ment in IVF patients who are at risk of developing moderate“severe OHSS
(Belver et al., 2003). Between March 1999 and February 2002, women
undergoing IVF with more than 20 retrieved oocytes were included. A total
of 988 patients were involved. Immediately after retrieval, patients were
allocated to one of two groups based on computer randomization. The ¬rst
group received intravenous albumin (40 g) and the second group received no
treatment. In women who developed moderate“severe (n ¼ 66) or severe
(n ¼ 46) OHSS, there was no difference based on prior albumin administration
between blood parameters or body weight on the day of oocyte retrieval or
seven days later. Furthermore, the number of patients with paracentesis,
hospital admissions, complications and days of OHSS until resolution did
not differ. The authors concluded that albumin infusion on the day of
oocyte retrieval is not a useful means for preventing the development of
moderate“severe OHSS.
It is my impression that if a new meta-analysis is performed taking
into account the more recently published trials, it is possible that the role
of intravenous albumin at the time of follicular aspiration for the prevention
of OHSS would be nonsigni¬cant.
Table VII.16 Intravenous albumin for the prevention of OHSS
Reproduced with permission from Delvigne and Rozenberg (2002b). Hum Reprod Update 8:559“77

OHSS incidence
Study Study design (n) Control group Risk patients with albumin use OHSS incidence in controls Comment

Asch et al. (1993) not controlled (36) historical 0% 80% in 21 patients no
E2* 46000 pg/ml
high-risk patients and 430 oocytes transfer occurred
Shoham et al. (1994) prospective placebo of NaCl 0/16 4/15 severe no information
E2 41906 pg/ml
randomized and multiple OHSS (p < 0.05) about moderate forms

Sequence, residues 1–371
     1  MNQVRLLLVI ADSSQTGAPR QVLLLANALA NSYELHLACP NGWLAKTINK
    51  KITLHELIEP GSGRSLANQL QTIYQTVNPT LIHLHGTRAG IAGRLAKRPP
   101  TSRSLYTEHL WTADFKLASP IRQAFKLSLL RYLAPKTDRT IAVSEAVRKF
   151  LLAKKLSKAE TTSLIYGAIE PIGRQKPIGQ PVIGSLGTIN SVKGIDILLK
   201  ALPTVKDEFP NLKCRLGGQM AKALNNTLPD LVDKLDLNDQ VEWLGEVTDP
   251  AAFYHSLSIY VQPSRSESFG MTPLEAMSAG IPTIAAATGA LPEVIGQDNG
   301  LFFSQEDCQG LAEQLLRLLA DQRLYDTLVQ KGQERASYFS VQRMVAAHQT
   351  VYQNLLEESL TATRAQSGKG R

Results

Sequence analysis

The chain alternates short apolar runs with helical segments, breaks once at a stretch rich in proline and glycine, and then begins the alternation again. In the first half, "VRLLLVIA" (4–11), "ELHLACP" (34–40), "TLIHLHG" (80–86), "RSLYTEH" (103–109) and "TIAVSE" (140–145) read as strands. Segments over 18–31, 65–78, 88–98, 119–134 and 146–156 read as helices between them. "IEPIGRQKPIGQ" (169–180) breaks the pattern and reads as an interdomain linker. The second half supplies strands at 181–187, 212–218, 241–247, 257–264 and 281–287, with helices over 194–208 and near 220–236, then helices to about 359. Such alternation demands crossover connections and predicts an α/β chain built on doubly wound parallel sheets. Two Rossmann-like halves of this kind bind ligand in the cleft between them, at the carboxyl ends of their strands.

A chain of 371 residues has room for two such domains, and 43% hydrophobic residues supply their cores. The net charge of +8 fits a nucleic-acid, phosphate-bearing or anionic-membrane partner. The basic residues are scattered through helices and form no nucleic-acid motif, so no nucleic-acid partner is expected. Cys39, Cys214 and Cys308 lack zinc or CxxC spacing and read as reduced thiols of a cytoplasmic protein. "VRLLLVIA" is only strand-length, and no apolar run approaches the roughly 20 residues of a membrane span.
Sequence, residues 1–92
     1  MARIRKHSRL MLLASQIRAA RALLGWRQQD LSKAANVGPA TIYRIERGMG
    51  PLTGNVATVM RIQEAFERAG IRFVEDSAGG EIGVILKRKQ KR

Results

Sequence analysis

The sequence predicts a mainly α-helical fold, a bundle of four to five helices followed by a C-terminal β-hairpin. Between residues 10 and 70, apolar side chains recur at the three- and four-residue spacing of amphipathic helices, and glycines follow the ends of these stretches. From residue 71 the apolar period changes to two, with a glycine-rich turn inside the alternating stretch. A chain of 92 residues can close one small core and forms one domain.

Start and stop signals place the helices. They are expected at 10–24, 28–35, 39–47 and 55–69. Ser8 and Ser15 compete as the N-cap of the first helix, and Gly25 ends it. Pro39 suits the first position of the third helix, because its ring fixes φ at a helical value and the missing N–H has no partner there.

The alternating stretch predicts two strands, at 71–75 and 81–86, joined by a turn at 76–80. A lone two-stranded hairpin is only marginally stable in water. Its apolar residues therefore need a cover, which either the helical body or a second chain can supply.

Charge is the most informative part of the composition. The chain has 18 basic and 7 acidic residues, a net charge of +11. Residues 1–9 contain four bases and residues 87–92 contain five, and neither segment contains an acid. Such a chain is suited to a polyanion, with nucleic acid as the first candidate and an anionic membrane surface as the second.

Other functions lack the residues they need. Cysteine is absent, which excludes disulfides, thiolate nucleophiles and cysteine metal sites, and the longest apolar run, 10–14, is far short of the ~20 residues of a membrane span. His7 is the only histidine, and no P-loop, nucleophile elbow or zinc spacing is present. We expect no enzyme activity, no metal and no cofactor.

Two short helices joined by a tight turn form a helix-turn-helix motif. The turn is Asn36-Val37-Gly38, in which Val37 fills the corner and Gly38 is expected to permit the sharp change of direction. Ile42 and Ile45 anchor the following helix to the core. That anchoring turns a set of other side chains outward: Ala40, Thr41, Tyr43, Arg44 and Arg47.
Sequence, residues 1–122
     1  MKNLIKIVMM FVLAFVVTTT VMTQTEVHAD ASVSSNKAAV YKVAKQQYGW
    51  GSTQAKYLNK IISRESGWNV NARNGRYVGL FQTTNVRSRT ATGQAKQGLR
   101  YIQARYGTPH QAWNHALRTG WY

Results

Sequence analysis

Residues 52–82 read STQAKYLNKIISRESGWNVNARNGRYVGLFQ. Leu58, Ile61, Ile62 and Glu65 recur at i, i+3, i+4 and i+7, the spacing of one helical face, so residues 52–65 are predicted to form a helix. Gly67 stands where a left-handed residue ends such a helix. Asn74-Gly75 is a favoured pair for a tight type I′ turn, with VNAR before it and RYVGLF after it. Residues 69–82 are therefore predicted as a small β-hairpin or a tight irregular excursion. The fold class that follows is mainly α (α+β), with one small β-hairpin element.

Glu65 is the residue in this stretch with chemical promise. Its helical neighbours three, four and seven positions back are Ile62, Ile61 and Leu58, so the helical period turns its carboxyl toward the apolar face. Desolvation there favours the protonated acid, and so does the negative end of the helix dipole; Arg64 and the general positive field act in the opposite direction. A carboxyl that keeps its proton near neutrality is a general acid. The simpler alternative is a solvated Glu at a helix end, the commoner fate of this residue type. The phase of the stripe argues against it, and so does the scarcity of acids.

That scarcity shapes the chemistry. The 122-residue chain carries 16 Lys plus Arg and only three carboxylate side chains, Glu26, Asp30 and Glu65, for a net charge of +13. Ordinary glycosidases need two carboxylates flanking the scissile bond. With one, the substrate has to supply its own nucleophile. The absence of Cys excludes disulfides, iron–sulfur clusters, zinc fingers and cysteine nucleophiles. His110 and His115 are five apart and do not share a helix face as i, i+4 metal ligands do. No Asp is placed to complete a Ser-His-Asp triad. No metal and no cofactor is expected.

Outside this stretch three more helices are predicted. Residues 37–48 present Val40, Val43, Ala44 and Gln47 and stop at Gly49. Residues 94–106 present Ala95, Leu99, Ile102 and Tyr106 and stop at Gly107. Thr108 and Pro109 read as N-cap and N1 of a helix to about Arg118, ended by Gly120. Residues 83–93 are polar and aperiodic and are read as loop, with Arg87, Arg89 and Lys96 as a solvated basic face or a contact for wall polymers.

controlled (31) follicular development
Shahata et al. (1994) retrospective (200) historical whole 0/104 8/96 only 18% of controls
E2 42997 pg/ml
IVF population and 420 oocytes had E2 42997 pg/ml
or 430 follicles
Ng et al. (1995) prospective placebo of 2/49 10/158 NS* albumin blunted the
E2 42724 pg/ml
controlled (207) ringer™s solution and 415 follicles severity of OHSS
Mukherjee et al. (1995) case report (2) “ 2 severe OHSS “ “
E2 44500 pg/ml
and 420 oocytes (1 early and 1 late)
Orvieto et al. (1995) case report (1) “ early severe OHSS “ “
E2 2293 pg/ml
and 46 oocytes
Ben-Rafael et al. (1995b) case report (1) “ early severe OHSS “ “
E2 42293 pg/ml,
435 oocytes
Halme et al. (1995) case report (1) “ 1 oocyte donor, early severe OHSS “ “
E2 2400 pg/ml,
15 oocytes

Shalev et al. (1995b) prospective no treatment 0/22 4/18 no transfer in 5.5% of
E2 42500 pg/ml
randomized (40) and 420 follicles controls and 13.6% of
study group
Shaker et al. (1996) prospective cryopreservation 4/13 moderate 3/13 moderate pregnancy signi¬cantly
E2 43540 pg/ml
randomized or 42745 pg/ml OHSS, no severe OHSS, higher in controls
controlled (26) and 415 oocytes not severe NS
Isik et al (1996) prospective no treatment 0/27 1/28 severe and “
E2 43000 pg/ml
randomized 4/28 moderate,
controlled (55) p < 0.05
Lewit et al. (1996) retrospective cases “ previous OHSS, 2/5 early severe, “ the most severe received
review (5) 2/5 moderate 75 g and had no transfer
E2 43600 pg/ml
and large number
of follicles
Orvieto and retrospective “ “ 2/30 early “ “
Ben-Rafael (1996) review (30) severe OHSS
Chen et al. (1997) prospective (72) historical controls 4/30; 0/16 14/42; p ¼ 0.047, prevention is effective in
E2 43600 pg/ml